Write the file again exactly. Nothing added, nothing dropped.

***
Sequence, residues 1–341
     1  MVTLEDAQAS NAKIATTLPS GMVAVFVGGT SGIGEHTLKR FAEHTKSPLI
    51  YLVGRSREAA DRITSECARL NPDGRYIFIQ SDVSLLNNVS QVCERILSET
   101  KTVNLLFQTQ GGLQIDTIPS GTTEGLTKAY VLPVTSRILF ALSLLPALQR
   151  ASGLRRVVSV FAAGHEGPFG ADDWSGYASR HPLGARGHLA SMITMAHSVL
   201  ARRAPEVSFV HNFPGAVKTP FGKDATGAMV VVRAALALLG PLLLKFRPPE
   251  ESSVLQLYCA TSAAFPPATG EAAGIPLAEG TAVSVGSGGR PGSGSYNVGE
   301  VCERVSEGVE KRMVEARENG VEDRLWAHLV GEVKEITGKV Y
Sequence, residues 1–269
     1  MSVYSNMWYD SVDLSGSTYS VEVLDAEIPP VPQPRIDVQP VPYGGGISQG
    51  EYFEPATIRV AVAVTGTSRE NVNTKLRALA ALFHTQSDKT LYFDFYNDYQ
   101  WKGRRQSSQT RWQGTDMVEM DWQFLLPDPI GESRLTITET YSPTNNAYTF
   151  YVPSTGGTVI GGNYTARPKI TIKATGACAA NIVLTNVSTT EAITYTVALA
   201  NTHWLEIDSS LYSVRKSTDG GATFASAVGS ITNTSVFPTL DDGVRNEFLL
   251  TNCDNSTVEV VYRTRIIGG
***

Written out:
Sequence, residues 1–341
     1  MVTLEDAQAS NAKIATTLPS GMVAVFVGGT SGIGEHTLKR FAEHTKSPLI
    51  YLVGRSREAA DRITSECARL NPDGRYIFIQ SDVSLLNNVS QVCERILSET
   101  KTVNLLFQTQ GGLQIDTIPS GTTEGLTKAY VLPVTSRILF ALSLLPALQR
   151  ASGLRRVVSV FAAGHEGPFG ADDWSGYASR HPLGARGHLA SMITMAHSVL
   201  ARRAPEVSFV HNFPGAVKTP FGKDATGAMV VVRAALALLG PLLLKFRPPE
   251  ESSVLQLYCA TSAAFPPATG EAAGIPLAEG TAVSVGSGGR PGSGSYNVGE
   301  VCERVSEGVE KRMVEARENG VEDRLWAHLV GEVKEITGKV Y
Sequence, residues 1–269
     1  MSVYSNMWYD SVDLSGSTYS VEVLDAEIPP VPQPRIDVQP VPYGGGISQG
    51  EYFEPATIRV AVAVTGTSRE NVNTKLRALA ALFHTQSDKT LYFDFYNDYQ
   101  WKGRRQSSQT RWQGTDMVEM DWQFLLPDPI GESRLTITET YSPTNNAYTF
   151  YVPSTGGTVI GGNYTARPKI TIKATGACAA NIVLTNVSTT EAITYTVALA
   201  NTHWLEIDSS LYSVRKSTDG GATFASAVGS ITNTSVFPTL DDGVRNEFLL
   251  TNCDNSTVEV VYRTRIIGG